Why ecocentrism is the key pathway to sustainability

GR: Attention Biophiliacs (lovers of animals and plants). Here’s an article from the Millennium Alliance for Humanity and Biosphere (MAHB) that deals with the central ideas of nature conservation. The authors argue that the common term ‘biocentrism’ implies a limited view focused on living things alone. They explain that the term ‘ecocentrism’ takes a broader view that includes the non-living elements of the Earth systems, the atmosphere, biosphere, geosphere, and hydrosphere. The argument make sense and adds depth to the fact that homocentrism has failed to develop a sustainable role for humans within nature.

We can expect that acceptance of ecocentrism by our strongly homocentric species will be slow. However, the core concept is rational and merits support. Please consider signing the Ecocentrism Statement. As with any such central idea, ecocentrism spurs a plethora of questions and extensions such as the problems with pro-growth economies.

I’ve been pronouncing MAHB as mob. Is that wrong?

“The Earth’s biodiversity and ecological integrity are being lost at an ever-increasing rate due to human impacts. The traditional, post-enlightenment Western anthropocentric worldview has failed to halt this (and is almost certainly responsible for it). Changing our worldview to ecocentrism however offers hope for solving the environmental crisis.

What is ecocentrism?

“Ecocentrism finds inherent (intrinsic) value in all of nature. It takes a much wider view of the world than does anthropocentrism, which sees individual humans and the human species as more valuable than all other organisms. Ecocentrism is the broadest of worldviews, but there are related worldviews. Ecocentrism goes beyond biocentrism (ethics that sees inherent value to all living things) by including environmental systems as wholes, and their abiotic aspects. It also goes beyond zoocentrism (seeing value in animals) on account of explicitly including flora and the ecological contexts for organisms. Ecocentrism is thus the umbrella that includes biocentrism and zoocentrism, because all three of these worldviews value the nonhuman, with ecocentrism having the widest vision. Given that life relies on geological processes and geomorphology to sustain it, and that ‘geodiversity’ also has intrinsic value, the broader term ‘ecocentrism’ seems most appropriate.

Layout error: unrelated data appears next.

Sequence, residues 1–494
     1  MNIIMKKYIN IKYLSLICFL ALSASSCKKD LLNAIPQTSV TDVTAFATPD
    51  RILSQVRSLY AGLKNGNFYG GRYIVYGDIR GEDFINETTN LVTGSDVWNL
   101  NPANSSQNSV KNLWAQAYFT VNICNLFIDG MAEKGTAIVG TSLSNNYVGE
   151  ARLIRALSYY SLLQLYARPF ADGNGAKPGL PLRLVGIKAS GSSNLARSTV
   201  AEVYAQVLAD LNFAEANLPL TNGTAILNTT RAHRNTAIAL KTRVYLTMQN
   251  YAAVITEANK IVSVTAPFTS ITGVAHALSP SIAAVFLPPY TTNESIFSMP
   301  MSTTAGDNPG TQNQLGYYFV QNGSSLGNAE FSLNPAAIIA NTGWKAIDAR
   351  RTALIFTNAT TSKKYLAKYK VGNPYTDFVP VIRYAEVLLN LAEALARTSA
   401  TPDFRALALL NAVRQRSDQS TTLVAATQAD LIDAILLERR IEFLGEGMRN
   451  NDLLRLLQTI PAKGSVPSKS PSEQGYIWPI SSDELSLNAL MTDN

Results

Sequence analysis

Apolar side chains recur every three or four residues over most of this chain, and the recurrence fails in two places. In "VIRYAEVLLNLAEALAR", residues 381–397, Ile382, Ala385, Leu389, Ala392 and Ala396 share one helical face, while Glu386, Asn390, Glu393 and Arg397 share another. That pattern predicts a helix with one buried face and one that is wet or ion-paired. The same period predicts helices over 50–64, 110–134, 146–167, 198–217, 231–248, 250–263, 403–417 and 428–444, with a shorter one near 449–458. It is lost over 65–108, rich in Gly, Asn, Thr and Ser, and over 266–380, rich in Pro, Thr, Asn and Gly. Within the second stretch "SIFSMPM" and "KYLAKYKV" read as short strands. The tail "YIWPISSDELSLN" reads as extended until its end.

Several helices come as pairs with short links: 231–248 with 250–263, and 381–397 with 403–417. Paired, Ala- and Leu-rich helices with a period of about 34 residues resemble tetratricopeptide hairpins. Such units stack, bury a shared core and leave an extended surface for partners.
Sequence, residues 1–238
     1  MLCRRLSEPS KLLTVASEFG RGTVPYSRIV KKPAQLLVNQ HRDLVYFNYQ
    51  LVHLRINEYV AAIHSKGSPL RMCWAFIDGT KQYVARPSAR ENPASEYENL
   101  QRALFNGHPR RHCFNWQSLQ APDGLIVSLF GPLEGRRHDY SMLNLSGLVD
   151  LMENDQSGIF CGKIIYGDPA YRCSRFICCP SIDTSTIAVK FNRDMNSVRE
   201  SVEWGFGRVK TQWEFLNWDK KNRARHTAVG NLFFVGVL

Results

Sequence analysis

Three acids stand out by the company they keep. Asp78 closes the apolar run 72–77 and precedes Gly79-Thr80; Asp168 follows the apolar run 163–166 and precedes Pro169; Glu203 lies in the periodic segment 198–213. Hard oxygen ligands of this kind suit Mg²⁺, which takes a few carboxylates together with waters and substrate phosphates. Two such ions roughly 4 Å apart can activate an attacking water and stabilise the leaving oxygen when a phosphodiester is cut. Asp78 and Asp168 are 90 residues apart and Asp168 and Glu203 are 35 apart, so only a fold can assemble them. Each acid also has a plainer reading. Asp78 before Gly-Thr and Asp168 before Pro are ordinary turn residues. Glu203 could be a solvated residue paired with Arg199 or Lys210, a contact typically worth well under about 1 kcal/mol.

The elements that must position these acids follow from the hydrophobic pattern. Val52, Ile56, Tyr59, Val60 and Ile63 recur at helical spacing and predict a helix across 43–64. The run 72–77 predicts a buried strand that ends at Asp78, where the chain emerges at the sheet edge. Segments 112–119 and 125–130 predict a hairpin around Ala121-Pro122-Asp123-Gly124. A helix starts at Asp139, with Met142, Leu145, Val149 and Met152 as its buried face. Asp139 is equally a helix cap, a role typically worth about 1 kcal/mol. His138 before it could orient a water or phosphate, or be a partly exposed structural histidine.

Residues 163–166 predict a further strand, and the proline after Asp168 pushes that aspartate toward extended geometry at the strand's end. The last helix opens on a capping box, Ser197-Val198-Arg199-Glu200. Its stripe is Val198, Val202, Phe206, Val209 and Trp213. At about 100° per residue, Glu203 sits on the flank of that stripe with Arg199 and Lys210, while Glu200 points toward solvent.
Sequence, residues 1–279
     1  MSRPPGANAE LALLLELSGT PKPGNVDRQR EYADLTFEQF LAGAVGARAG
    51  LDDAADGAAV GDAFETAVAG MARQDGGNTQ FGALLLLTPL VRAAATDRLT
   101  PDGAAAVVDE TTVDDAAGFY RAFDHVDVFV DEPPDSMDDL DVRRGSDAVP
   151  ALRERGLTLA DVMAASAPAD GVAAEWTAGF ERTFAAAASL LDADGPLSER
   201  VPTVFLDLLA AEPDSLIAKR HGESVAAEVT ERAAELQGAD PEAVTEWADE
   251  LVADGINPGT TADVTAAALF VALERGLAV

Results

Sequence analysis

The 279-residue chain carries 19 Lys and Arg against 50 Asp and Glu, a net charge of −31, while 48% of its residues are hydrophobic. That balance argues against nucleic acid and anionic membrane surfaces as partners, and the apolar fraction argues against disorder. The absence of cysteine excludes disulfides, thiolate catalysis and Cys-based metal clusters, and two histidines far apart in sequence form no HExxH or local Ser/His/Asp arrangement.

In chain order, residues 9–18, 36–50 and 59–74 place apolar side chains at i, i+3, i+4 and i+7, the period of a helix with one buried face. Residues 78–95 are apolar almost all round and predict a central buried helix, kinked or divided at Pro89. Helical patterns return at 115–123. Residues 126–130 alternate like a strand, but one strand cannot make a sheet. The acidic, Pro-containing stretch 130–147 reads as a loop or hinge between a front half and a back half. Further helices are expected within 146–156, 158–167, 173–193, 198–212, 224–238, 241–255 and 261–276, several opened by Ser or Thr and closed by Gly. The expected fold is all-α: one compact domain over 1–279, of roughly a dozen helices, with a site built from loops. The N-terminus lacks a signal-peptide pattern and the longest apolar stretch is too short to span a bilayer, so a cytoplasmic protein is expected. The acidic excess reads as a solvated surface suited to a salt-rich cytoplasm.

Historical roots of ecocentrism

“Ecocentrism as a worldview has been with humanity since we evolved. Many indigenous cultures around the world speak of lore and (in Australia) ‘law’ that reflects an ecocentric view of the world. Ecologist Aldo Leopold in Sand County Almanac wrote the classic evocation of ecocentrism in ‘The Land Ethic’, which expanded the ‘community’ to include animals, plants and the land itself. Philosopher Arne Naess in 1973 coined the term ‘deep ecology’ for similar sentiments, later articulating the notion in Principle 1 of the Deep Ecology Platform.” –Paul Cryer, Helen Kopnina, John J. Piccolo, Bron Taylor, and Haydn Washington (Why ecocentrism is the key pathway to sustainability | MAHB)